Eyesores dwindle

Published 8:15 pm Monday, February 10, 2014

WINDSOR – At last week’s meeting of the Bertie County Board of Commissioners, county Planning Director Traci White, who reported on roadside litter collections in the county for 2013, had more good news for the board.

Thanks to the county’s Junkyards and Abandoned Motor Vehicles Ordinance, which has been in place since 2006, violations county-wide have gone down, with only four notices issued during all of 2013 and that quartet came back in the spring of the year (May & June).

“We haven’t had that many this year, but if you look at the past years we’ve tried to get those under control since the ordinance was adopted,” said White. “There were a lot more at first, but now it’s more of a monitoring issue and of course you get some new ones here and there and you get some complaints sometimes.”

Commissioner Ronald “Ron” Wesson said there used to be as many as 25-26 abandoned vehicles and junked cars found on county properties in years past and that a drop to four was significant.

“Does that mean we’ve got our hands around them,” Wesson inquired. “Are the numbers down because there are not as many, not because we don’t have the resources to go out and get them?”

White said it is a requirement that owners remove the vehicles and she brought along before-and-after photos of county properties to illustrate her point, though she did not name specific properties or owners.

“We have some areas that have greatly improved from what they were when we first adopted (the ordinance), so I believe it’s working because the numbers are down.”

Commissioner John Trent asked whether the ordinance covers personal property taxes on vehicles without tags and registrations.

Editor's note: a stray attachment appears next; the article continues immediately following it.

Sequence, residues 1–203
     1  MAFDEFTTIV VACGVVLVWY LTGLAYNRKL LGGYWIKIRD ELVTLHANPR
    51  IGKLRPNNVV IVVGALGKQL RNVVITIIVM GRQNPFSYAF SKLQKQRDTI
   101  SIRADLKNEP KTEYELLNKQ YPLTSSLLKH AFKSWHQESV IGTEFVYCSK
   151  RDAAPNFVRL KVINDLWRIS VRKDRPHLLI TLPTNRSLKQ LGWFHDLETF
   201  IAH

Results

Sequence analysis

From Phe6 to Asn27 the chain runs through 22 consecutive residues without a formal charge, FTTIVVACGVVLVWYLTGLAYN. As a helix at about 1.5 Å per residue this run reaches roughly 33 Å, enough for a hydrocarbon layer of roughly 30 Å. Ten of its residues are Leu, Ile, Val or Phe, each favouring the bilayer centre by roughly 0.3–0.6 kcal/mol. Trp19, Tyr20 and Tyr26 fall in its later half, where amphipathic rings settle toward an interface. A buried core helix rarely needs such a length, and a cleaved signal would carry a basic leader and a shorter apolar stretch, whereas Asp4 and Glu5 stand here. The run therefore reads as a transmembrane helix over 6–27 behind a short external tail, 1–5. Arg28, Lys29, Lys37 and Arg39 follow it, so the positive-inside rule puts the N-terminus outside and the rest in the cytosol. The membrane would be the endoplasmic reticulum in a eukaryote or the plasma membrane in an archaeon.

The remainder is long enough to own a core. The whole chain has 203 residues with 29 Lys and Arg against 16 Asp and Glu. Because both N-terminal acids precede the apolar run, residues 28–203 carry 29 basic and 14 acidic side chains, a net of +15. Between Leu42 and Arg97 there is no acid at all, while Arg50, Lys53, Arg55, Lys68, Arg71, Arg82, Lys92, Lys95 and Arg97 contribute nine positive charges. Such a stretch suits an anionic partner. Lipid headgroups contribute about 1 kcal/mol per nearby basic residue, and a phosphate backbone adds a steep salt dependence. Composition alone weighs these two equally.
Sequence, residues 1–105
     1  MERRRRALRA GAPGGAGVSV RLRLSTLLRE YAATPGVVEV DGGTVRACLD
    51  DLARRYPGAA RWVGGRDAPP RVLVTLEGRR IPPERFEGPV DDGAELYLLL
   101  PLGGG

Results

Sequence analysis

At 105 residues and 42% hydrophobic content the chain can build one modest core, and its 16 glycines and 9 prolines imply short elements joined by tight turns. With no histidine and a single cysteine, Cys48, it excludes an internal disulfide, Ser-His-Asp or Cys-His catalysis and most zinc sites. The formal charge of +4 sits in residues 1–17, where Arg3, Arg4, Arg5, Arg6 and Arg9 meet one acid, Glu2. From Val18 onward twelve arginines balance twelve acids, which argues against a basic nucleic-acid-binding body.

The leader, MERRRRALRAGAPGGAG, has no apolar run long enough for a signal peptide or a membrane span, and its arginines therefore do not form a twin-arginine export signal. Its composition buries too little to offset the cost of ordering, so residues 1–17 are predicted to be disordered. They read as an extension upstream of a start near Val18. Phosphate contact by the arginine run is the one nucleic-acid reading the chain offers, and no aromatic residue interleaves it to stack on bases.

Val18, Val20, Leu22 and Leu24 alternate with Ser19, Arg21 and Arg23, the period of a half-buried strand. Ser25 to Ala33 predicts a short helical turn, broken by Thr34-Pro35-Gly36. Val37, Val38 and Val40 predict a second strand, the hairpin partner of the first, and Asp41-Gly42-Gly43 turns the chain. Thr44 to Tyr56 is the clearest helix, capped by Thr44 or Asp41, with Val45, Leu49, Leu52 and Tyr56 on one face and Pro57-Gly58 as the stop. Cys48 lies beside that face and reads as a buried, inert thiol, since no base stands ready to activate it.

“I don’t know about the tax issue,” answered White, “but if it (a vehicle) is not licensed or is moveable by its own power then it’s considered a junk vehicle and it’s supposed to be removed from the property.”

Barry Anderson, the county’s Nuisance Abatement Enforcement Officer said while there was originally a policy of knocking on doors and informing citizens of potential violations of the ordinance, the new policy constitutes information being sent through the mail.

“Once they receive the letter I give them roughly ten days to contact me to discuss the issues that they have,” said Anderson. “From that point we then begin the process of either applying the ordinance or going farther.”

Commissioner Rick Harrell asked about the number of letters that had been sent out by Anderson’s office, and was told 15, of which 11 were in compliance.

“Historically, if they get the advisement letters they’ll (usually) come into compliance and you don’t have to issue a violation,” said White. “Usually they become aware of the rules of the ordinance that way and then they’ll go ahead and comply.”

White did maintain, however, that there are still some violators who force the county to take the next step in the process of enforcing the ordinance.

“There’re some who’re not going to comply until they get a letter from the attorney’s office,” she said.

Wesson, meanwhile, continued to drive the point of the success of the program by way of enforcing the ordinance.

“Are the numbers down because there’re fewer problems,” he asked. “Or is the number down because there’s a lot of work going on around and less focus here and there?”

White continued to defend the ordinance.

“I think it’s doing what it was established to do,” she said.